• September Main 2018

  • Executive View
  • Hot-Button Issues for NJ's Public Schools - Fall 2018  



    School is in session, and so is the New Jersey State Legislature. In fact, as busy as we’ve been setting up our districts for a new school year, it seems the folks in Trenton have been even busier. So much has transpired since our video of August 28 that we’re eager to share important updates. As the organization that supports school leaders, NJASA keeps its finger on the pulse of public education in New Jersey. Here are the latest issues as we went to press on September 17, 2018.


    Look for Proposed Bond on November Ballot

    The state will be placing a $500 million school bond referendum on the November ballot — a compromise from the $1 billion originally proposed. If voters approve the bond, it would support: $350 million — career-technical education and school security in K-12 schools; $50 million — county colleges; and $100 million — school district water infrastructure projects.


    Tragedy Spurs Action on School Bus Safety

    The fatal Paramus school bus incident earlier this year has prompted a flurry of legislative action to address school bus safety concerns. A new law signed by Governor Murphy requires school buses to have shoulder restraints as part of their seatbelts. This boost in safety comes at a cost — of about $7.5 to $10 million a year. In addition, the Senate Transportation Committee approved a bill that requires suspension of a school bus driver’s license after a certain number of moving violations. It heads to the full Senate next for review. Finally, a series of other bills sought to make bus drivers more accountable. These included thorough investigations of school bus safety, proof of driver physical fitness, and designation and training of school safety personnel. Stay tuned.


    Segregation Lawsuit Could Have Far-Reaching Implications

    A recent lawsuit claims that New Jersey schools are segregated. Since students attend the school nearest their homes, they tend to be similar in race, culture and economic status. The Murphy administration has agreed to begin negotiations in this civil suit. This could have an impact on whether parents will be able to send their child to the local neighborhood school. In other states, students spend as much as 45 minutes on a bus to attend school.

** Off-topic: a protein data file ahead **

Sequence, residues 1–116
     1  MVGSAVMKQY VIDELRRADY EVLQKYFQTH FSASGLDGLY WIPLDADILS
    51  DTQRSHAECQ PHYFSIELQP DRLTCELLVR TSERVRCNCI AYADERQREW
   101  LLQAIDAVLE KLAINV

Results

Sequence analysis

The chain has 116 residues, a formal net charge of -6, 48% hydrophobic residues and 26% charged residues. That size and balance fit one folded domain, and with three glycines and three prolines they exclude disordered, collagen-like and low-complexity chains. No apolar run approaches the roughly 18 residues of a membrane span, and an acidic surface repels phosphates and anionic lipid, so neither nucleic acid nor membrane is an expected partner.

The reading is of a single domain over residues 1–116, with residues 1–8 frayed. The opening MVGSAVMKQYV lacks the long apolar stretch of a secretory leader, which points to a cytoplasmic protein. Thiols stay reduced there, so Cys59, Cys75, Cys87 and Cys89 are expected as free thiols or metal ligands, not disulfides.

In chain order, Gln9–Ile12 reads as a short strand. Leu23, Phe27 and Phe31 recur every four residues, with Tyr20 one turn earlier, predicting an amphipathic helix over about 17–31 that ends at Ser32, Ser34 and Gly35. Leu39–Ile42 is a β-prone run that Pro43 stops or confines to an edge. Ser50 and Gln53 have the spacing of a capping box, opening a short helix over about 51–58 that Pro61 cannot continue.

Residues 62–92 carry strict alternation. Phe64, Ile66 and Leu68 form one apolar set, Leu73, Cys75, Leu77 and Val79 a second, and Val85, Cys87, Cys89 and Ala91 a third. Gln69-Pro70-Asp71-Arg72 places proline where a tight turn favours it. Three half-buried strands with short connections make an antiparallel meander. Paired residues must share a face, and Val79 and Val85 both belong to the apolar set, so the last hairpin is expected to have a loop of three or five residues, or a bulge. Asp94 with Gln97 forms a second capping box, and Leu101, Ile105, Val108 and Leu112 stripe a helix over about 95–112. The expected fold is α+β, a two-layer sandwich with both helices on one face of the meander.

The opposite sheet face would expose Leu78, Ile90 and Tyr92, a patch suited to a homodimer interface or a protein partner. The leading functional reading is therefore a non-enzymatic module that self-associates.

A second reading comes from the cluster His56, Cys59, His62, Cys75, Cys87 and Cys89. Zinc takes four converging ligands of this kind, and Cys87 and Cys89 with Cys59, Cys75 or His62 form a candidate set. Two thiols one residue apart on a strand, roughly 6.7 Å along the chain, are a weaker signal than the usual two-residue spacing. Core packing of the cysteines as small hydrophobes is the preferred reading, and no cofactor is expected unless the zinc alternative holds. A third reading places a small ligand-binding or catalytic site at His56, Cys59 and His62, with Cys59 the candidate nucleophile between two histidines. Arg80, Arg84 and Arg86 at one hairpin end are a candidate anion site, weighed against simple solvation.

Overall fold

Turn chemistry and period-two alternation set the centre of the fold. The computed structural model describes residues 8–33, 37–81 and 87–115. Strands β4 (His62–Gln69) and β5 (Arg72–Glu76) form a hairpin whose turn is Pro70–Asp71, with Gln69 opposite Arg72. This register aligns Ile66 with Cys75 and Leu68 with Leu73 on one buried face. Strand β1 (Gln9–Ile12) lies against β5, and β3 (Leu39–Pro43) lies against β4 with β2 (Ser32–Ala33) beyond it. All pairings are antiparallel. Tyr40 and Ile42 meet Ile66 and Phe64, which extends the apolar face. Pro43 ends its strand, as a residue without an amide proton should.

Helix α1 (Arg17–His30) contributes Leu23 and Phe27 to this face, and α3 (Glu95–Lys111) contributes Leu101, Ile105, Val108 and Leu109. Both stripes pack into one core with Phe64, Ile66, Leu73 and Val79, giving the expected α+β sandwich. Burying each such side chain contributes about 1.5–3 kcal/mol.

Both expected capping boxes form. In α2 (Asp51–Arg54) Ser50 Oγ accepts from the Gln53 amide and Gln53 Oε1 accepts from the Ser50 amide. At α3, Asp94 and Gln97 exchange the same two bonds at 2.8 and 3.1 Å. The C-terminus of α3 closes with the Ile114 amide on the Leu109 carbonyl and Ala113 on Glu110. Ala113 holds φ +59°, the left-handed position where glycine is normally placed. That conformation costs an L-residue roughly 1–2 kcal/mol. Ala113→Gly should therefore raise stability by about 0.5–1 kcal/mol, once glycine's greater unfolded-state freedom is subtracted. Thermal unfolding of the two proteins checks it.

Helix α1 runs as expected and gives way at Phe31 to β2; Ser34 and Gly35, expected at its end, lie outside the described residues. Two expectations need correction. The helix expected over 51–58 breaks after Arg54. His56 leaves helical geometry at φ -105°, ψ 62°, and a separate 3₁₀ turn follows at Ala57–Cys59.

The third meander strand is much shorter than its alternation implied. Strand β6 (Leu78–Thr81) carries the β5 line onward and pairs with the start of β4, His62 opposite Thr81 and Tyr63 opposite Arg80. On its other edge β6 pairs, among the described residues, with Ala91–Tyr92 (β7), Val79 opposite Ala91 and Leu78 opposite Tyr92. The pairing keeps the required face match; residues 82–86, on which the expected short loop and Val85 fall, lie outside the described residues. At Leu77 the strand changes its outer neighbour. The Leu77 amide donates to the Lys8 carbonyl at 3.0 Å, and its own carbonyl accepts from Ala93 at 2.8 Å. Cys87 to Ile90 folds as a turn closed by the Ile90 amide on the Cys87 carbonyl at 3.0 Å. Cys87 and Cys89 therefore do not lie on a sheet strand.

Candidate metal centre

Is Regionalization Best for the Students?

    Senate President Sweeney is calling for a significant regionalization of all New Jersey school districts. If his plan, Path to Progress, advances, New Jersey would have only K-12 school districts. Currently, the plan recommends merging all K-4, K-5, K-6, K-8, and K-9 school districts into K-12 regional districts and establishing two countywide school district pilot programs. Senator Sweeney will be hosting informal meetings regionally with the NJASA membership and his staff to exchange ideas and discuss related issues. NJASA will support regionalization if it’s in the best interest of the students, but this is a decision best made at the local level. 


    Stalled on State Assessment
    By this time, PARCC testing was supposed to be history. However, rather than voting it out, the New Jersey State Board of Education (NJSBOE) at its September 12th meeting asked to delay the vote until its October meeting. That could mean there weren’t enough votes against PARCC, and Governor Murphy was being cautious.


    A joint meeting of the Senate/Assembly Education Committees on September 17th with NJDOE Commissioner Repollet and the Department's Senior Staff explored having the Legislature lead the assessment discussion and move to a finalized program rather than transition only away from high school assessments as an interim step. NJASA anticipates the eventual removal of PARCC, and the transition to the next generation of state assessment. The proposed changes include:


    • Streamlining graduation requirements by reducing the number of required tests in high school from six to two;
    • Ensuring that educators and parents receive test data in a timely manner; and
    • Providing flexibility for first-year English learners on the English language proficiency test.


    Daily Recess Put on Hold

    A new law requiring mandatory recess will go into effect a year later than originally announced. The law specifies at least 20 minutes of unstructured playtime daily for K-5 students. Districts now have additional time to adjust their schedules. The mandatory recess law will take effect in the 2019-20 school year.


    In closing, I recommend you take a few minutes to read an excellent article in this issue of On Target. Titled, Lessons Learned Along the Way..., authored by Dr. Janet L. Fike, NJASA Treasurer, and Chief Education Officer, Morris-Union Jointure Commission.